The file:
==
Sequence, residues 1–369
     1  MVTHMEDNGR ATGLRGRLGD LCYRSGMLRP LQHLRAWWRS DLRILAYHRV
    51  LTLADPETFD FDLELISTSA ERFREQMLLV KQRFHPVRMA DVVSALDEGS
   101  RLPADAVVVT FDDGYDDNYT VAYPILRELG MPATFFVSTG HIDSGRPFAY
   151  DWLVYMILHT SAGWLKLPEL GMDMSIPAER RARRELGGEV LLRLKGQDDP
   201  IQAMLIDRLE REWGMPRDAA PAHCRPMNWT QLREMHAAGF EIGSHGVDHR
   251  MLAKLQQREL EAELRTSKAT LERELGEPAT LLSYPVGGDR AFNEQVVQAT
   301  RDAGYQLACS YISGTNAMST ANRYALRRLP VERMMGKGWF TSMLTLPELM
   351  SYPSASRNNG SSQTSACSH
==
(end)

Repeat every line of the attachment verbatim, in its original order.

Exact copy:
Sequence, residues 1–369
     1  MVTHMEDNGR ATGLRGRLGD LCYRSGMLRP LQHLRAWWRS DLRILAYHRV
    51  LTLADPETFD FDLELISTSA ERFREQMLLV KQRFHPVRMA DVVSALDEGS
   101  RLPADAVVVT FDDGYDDNYT VAYPILRELG MPATFFVSTG HIDSGRPFAY
   151  DWLVYMILHT SAGWLKLPEL GMDMSIPAER RARRELGGEV LLRLKGQDDP
   201  IQAMLIDRLE REWGMPRDAA PAHCRPMNWT QLREMHAAGF EIGSHGVDHR
   251  MLAKLQQREL EAELRTSKAT LERELGEPAT LLSYPVGGDR AFNEQVVQAT
   301  RDAGYQLACS YISGTNAMST ANRYALRRLP VERMMGKGWF TSMLTLPELM
   351  SYPSASRNNG SSQTSACSH